Little in BS is new. Almost all of it can be explained by the common notion that our brains grew up on the Plains of Natural Selection in East Africa and aren't ultra-rational computers smoothly dealing with the complex world around us. Onto the "deficiencies" of our frontal lobes the author bootstraps a cute image, that of the black swan. Turns out -- it's hard to make this stuff up -- the black swan isn't even a swan.

    What is shocking about BS is the sheer avalanche of unsupported preaching that spills out paragraph after paragraph, section after section, chapter after chapter. The reader who instantly and uncritically agrees with the author is encouraged to pat herself on the back for being as brilliant as the author clearly feels himself to be. The reader who says -- over and over again -- "And you back this up with--what?" is roundly condemned. Fortunately, such condemnation puts one in good company as, well, everyone who doesn't agree with the author is an idiot.

    The emotionality in the book is fertile ground for wonderment. When was the last time you started writing words like "scorn" on your bookmark and then, with hash marks, kept track of the number of times the word was used? First-year clinical psychology students would have a field day with BS. The answers to "What is the author revealing about himself?" would make fine reading.

    In sum, I am bewildered as to how this book captured anyone's imagination. It is, in a word, trite.

    Of course, I'm one of the idiots who can't park my skepticism and uncritically swallow BS.

    Dr. Kirtland Peterson

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  • Against the Gaussians; For the Mandelbrotians
    N.M. Taleb fulminates against the adepts of the Gauss-distributions (calling them madmen) and applauds profusely the Mandelbrot-fractals supporters. Why? Because the tail-ends of the Gauss-distribution underestimate the occurrence of black swans (unattended phenomena, spikes, large deviations). Indeed, for N.M. Taleb, `our world is dominated by the extreme, the unknown and the very improbable. Our future will be increasingly less predictable because of the apparition of black swans.'
    The author even rejects Heisenberg's uncertainty principle, because it is ... Gaussian.

    But, as J. von Neumann said: `mathematical formulation necessarily represents only a theory of some phase (aspects) of reality, and not reality itself.' Even Mandelbrot fractals are models. More, its exponents are not easy to gauge.
    There is also a huge difference between descriptive and predictive (based on the past) models. Moreover, as the author states himself: `you can project the behavior of a physical system in the future. But we hit a stumbling block when humans are involved, if you consider them living beings endowed with free will.'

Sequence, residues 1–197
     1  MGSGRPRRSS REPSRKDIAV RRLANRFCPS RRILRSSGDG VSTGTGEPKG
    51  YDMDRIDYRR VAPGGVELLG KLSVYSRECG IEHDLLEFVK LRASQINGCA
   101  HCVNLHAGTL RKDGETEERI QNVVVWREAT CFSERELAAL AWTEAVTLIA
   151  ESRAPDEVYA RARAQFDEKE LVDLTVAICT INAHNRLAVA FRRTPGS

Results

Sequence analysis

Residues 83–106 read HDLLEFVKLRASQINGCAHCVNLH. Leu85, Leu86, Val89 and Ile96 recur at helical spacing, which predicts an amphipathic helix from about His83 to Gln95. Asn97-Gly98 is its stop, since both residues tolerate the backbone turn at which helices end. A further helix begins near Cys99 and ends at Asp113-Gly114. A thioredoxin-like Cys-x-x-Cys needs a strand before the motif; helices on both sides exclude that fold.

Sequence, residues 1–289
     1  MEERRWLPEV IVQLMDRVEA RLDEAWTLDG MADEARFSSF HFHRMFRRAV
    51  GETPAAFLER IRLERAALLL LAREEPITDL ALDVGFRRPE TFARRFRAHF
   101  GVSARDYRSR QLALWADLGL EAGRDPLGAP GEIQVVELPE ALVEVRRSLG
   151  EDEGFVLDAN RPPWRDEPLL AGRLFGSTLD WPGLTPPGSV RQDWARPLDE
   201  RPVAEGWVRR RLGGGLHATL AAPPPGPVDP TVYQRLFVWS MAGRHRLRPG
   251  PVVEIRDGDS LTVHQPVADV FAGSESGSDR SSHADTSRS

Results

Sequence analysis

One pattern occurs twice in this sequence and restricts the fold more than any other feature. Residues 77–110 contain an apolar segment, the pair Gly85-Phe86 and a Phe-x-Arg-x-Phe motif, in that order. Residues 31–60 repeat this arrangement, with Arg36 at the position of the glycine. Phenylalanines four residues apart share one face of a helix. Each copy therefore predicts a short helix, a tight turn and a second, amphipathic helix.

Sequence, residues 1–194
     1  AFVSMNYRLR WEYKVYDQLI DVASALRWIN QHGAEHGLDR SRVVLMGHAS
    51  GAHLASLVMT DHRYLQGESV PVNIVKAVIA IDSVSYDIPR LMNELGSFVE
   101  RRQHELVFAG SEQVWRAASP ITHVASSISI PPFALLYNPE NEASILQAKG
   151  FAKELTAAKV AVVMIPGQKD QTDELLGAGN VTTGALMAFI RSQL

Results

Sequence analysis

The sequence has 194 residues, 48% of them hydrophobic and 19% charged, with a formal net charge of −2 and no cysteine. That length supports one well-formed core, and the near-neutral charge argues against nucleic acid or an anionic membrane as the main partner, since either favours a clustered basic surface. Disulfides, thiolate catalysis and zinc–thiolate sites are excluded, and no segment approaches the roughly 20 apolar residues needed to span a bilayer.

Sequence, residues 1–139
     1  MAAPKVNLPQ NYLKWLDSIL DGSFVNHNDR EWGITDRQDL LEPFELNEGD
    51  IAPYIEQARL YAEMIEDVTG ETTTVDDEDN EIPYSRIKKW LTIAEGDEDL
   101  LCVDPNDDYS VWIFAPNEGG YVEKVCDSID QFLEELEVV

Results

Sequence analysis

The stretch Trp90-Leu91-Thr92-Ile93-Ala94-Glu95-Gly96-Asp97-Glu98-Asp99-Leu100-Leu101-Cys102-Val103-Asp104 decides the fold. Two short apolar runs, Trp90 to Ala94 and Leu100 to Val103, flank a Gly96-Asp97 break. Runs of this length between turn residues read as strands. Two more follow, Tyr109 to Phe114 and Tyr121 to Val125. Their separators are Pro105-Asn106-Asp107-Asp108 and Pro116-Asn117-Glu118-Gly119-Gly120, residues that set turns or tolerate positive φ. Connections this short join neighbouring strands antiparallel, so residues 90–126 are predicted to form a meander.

However, as Schopenhauer said, our minds did not develop in the first place for thinking, but in order to have the best survival reaction (fight or flight) in case of danger.

    I agree with the author that `we just don't know how much information there is in the past'; that `there is a huge gap between what we know and what we think we know' and that `people don't know what they don't know.'

    Nevertheless, there are black swans for outsiders which are simply white ones for insiders. For the author, one example of a black swan is the 9-11 massacre. But some people made a killing in the stock market by buying massively put options on airline and brokerage stocks just before the attacks. An extremely strange and mind-boggling event.
    There are other black-white swans (see Gene C. Marcial's `Secrets of the Street').

    This thought provoking book is a very worth-while read, but it has to be handled with caution.
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  • Fascinating and revolutionary ideas
    I found this book to be one of the most fascinating books I have read recently, and I have been reading a lot of similar books. I will not summarize the book here -- you can read one of the other 479 reviews for that. Suffice it to say that Taleb presents new and fascinating ideas that I had never heard before and backs them up with logic and evidence.
    Some complain about Taleb's tone, that he sounds smug or angry. I was a little taken aback by his tone initially, but after a while I found it refreshing. It wasn't pandering or condescending. If you are the type of person who limits your reading by the tone of the messenger, this book is probably not for you. But if you are open-minded, this book is well worth you while.
    This book was life changing for me. It has changed my thinking about a lot of different things. As an economics major, I am even more suspicious of economists. More importantly, I have recently retired and have a large amount of my money in a 401k. I always agreed with those who said the stock market was the best place to put your money because it has historically always out performed all other investments over the long term. I now realize that perhaps I am being a turkey and have changed my investments....more info